Journalism and ministry
In 1886, while managing editor of the Grafton (Nebraska) Leader, Parrish was persuaded to enter the Congregational ministry, being licensed by the Elkhorn Association and given charge of churches at Leigh and Howells, Nebraska. He was later ordained by the Blue Valley Association and held pastorates at Harvard, Nebraska, Mattoon, Illinois, Constantine, Michigan, and Marshalltown, Iowa. He was chairman of the Home Missionary Committee for Southern Illinois and one of the founders of Southern Collegiate Institute at Albion. In 1888 he stumped the entire state of Nebraska under the Republican state committee, accompanied by a double quartette of ladies, and later lectured extensively throughout many northern states.
In 1887 Parrish was married to Miss Mary A. Hammon, of Clarkson, Nebraska, and four children were born unto this union, two of whom survived to adulthood, namely: Robert Arthur, a cadet at St. John's Military Academy, Delafield, Wisconsin; and Philip Hammon, of Lynch, Nebraska. Parrish was divorced in 1899.
During the winter of 1902 Mr. Parrish resumed newspaper work in Chicago, being first connected with the Associated Press, and later engaged in commercial journalism. August 6 of that year he was married to Rose I. Tyrell, of Kewanee, and the following spring published his first work of fiction, When Wilderness Was King, through A. C. McClurg & Company, Chicago, also publishers of his subsequent books. This manuscript was submitted and accepted when but half completed and for a first book met with remarkable sale. All of his previous experience, the atmosphere of culture and refinement of his boyhood home, his literary and legal education, the hardships and privations which he endured upon the plains of the west, his campaign experiences and his labors in the ministry, all constituted a preparation and equipment for the work which he is now doing in the literary world, and which has made him one of the most successful of the modern writers.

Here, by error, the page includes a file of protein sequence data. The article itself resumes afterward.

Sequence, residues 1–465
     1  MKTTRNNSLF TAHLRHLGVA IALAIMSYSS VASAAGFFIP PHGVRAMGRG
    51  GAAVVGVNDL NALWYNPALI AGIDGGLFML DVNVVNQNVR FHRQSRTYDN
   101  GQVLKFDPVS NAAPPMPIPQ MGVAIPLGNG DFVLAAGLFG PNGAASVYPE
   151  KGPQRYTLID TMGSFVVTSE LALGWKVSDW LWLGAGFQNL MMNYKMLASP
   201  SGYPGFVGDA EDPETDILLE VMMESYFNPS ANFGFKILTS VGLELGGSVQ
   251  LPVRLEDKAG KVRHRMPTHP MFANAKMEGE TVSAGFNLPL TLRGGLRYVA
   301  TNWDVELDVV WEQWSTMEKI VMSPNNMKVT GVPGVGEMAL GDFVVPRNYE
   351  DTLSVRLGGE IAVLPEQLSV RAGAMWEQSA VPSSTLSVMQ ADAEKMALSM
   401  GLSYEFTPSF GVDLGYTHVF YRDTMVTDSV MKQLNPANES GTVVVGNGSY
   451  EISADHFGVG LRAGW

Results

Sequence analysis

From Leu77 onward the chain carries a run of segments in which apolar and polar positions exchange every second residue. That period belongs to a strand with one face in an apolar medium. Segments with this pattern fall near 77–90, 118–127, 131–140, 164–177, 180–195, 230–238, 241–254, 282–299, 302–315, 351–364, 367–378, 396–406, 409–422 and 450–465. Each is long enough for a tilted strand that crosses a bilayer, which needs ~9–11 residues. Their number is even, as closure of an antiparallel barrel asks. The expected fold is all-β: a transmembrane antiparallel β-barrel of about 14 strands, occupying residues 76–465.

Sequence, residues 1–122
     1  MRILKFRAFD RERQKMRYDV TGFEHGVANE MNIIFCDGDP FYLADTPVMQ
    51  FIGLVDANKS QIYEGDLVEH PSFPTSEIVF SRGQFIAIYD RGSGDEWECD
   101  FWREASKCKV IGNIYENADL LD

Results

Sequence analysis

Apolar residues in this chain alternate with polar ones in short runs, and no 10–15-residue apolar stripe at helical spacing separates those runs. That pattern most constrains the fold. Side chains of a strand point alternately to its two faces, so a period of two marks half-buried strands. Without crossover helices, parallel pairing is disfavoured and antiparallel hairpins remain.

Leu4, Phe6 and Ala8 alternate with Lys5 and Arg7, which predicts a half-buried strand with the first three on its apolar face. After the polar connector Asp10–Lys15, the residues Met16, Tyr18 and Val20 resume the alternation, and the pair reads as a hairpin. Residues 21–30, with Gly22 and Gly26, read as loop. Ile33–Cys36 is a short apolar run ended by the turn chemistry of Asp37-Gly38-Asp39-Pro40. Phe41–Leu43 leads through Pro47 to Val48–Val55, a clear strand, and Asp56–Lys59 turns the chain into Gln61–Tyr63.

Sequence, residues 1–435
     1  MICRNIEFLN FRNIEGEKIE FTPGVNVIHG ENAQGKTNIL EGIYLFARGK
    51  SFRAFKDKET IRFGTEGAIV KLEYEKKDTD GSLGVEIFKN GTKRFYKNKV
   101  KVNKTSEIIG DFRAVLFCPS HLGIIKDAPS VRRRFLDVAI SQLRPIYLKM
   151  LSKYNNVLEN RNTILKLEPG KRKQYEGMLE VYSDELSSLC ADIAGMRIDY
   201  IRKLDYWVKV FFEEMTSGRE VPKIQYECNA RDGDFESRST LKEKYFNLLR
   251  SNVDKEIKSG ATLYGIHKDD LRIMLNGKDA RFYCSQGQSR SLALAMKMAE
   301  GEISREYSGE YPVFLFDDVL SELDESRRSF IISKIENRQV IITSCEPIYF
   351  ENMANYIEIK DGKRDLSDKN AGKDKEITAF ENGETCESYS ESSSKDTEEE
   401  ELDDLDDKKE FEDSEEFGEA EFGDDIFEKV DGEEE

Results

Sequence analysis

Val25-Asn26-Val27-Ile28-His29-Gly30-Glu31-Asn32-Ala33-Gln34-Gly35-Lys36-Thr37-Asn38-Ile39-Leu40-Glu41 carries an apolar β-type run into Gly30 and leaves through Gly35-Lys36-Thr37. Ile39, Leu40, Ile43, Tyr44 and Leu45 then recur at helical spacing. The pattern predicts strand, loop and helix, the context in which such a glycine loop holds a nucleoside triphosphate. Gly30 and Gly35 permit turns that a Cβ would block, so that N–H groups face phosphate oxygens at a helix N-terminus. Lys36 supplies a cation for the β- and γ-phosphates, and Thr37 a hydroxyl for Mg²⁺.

After the publication of his first book he devoted his entire time to literary work, having published the following books of fiction and history: My Lady of the North (1904); A Sword of the Old Frontier (1905); Bob Hampton of Placer (1906); Historic Illinois (1906); Beth Norvell (1907); The Great Plains (1907); Prisoners of Chance (1908); The Last Voyage of the Donna Isabel (1908); My Lady of the South (1909). Many of these have been credited among the "six best sellers," and received high praise both at home and abroad.
Beginning in 1904, Mr. Parrish has made his home at Kewanee, in the old family house at 235 South Chestnut Street, which was built in 1859. He served as one of the directors of the Commercial Club, was leading knight of the local Elks Lodge, and was a frequent speaker at public meetings throughout Illinois.